On 3rd of September Will Wilkinson wrote a comment about last Amartya Sen book. Specifically he wrote about an experiment on justice (book's subject) described on the book.

The experiment was: [ you have one flute and three children who want it. One child wants the flute because she knows how to play it, the second one wants it because he is poor and doesn't have toys, and the third one says she made the flute, so she should get it. Who do you give it to?]

The point Wilkinson makes is "The correct answer is: It all depends on how “you” ended up with the flute!"

And is true. Why did you get that flute? did you produce it? then is yours, do what you want. If not, it depends on from whom have you stolen it? just give it back.

Is not a problem of justice but a problem of property rights. We don't know if it's better to give it to who it may get a bigger return or who has less is difficult to weight it. The first could suposse on latter periods to have a bigger output to be shared and then a bigger portion to be given to the poor boy.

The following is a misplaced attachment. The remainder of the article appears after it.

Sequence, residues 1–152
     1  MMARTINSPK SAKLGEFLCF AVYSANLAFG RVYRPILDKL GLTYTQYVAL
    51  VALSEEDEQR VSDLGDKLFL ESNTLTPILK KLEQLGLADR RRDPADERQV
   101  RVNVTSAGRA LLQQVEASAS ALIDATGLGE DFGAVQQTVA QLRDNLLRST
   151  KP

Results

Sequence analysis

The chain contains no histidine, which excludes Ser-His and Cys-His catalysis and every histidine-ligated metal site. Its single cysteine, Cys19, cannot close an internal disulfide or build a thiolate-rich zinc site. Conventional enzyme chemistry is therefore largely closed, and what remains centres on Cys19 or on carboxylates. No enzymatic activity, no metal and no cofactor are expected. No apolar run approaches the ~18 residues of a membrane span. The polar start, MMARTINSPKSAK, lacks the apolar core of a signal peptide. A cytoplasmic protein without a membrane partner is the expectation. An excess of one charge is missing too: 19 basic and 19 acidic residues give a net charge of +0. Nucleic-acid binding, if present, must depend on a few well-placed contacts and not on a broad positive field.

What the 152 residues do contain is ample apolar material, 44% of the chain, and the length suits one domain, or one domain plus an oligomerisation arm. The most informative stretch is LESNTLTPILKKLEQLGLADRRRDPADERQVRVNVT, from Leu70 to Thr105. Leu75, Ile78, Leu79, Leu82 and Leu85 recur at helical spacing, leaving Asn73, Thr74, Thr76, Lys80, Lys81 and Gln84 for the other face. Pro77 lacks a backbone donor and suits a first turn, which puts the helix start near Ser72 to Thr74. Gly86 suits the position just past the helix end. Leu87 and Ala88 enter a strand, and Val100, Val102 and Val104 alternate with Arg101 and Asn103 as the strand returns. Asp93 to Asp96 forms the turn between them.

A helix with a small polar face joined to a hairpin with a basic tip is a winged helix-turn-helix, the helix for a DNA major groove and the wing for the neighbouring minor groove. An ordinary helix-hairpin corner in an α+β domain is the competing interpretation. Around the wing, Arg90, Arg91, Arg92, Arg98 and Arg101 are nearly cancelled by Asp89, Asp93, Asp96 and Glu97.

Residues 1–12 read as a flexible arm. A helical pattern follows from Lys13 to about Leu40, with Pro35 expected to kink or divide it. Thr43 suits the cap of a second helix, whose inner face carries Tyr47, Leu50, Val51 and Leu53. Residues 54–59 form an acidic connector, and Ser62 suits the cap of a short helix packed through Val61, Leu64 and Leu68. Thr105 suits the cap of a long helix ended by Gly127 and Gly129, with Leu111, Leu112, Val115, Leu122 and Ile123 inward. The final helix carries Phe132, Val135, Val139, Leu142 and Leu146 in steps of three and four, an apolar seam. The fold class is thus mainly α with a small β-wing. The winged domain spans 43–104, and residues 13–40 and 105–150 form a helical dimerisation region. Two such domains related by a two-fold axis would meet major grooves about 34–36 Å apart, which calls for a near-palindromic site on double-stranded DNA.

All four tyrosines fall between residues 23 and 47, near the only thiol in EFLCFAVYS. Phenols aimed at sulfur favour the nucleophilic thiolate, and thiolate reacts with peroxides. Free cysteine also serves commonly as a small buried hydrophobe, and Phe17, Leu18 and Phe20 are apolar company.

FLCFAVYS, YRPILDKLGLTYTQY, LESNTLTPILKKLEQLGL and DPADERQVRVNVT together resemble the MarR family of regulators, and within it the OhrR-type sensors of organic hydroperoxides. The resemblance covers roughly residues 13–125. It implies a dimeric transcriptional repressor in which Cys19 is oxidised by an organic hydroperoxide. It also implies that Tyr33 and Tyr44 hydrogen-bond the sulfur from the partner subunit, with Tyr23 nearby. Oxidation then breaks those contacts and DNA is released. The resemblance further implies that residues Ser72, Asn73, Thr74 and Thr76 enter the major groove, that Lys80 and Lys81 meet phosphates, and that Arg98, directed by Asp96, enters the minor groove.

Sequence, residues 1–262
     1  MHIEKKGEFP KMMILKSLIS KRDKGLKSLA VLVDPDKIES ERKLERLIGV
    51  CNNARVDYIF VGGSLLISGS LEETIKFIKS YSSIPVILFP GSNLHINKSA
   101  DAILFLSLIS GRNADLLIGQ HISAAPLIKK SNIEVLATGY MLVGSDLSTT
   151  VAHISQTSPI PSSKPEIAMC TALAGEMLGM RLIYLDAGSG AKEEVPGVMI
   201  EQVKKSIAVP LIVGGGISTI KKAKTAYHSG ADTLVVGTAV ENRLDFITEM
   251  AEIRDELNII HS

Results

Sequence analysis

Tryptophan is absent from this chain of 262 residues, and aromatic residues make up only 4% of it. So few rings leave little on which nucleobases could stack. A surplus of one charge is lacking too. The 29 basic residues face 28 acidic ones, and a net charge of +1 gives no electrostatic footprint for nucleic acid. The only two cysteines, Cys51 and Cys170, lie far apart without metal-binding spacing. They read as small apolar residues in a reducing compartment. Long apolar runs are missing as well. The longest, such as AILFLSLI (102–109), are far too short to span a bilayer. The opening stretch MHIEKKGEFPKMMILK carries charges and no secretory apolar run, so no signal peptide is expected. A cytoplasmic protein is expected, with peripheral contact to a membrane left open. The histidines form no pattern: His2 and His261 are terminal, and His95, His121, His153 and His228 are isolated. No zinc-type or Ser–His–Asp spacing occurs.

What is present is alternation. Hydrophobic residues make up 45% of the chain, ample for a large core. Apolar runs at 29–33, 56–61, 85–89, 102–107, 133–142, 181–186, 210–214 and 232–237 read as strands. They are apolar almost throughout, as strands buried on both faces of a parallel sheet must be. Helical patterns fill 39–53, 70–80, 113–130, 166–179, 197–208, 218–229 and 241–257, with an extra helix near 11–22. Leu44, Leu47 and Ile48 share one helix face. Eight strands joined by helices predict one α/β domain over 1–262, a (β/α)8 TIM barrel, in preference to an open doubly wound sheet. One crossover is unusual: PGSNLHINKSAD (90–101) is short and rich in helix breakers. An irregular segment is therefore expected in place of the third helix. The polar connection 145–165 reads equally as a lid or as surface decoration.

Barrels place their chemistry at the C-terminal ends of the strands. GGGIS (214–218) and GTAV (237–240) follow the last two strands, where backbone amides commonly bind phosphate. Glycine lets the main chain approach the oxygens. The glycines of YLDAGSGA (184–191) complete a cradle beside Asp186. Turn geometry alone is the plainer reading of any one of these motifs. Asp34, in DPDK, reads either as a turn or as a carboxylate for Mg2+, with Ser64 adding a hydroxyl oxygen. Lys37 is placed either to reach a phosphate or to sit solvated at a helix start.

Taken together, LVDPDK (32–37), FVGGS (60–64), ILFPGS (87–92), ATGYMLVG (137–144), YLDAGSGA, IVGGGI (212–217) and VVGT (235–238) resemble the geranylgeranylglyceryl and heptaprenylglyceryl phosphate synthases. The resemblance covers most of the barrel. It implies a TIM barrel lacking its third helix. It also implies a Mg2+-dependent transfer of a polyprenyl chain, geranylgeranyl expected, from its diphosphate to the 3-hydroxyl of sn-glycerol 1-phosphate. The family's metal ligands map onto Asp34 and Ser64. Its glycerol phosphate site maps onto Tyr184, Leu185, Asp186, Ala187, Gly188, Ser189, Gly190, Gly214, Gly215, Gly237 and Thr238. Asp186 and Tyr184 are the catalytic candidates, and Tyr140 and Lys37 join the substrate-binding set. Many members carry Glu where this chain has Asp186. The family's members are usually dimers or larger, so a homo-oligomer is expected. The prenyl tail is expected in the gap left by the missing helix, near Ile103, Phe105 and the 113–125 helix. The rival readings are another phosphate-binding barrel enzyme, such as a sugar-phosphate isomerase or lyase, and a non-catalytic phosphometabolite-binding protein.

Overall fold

Hume wrote: "No one can doubt, that the convention for the distinction of property, and for the stability of possession, is of all circumstances the most necessary to the establishment of human society, and that after the agreement for the fixing and observing of this rule, there remains little or nothing to be done towards settling a perfect harmony and concord."

But even then, even if we know who is the owner of that flute, we should not leave somebody whitout flutes (read food). And even less if it's about children because equal opportunities.
So it all depends on common values and probably on income. A second flute is better redistributed by property rigths.

A forever dichotomy about equality and incentives.

Best explained on : http://www.willwilkinson.net/flybottle/2009/09/03/the-tragic-flute/


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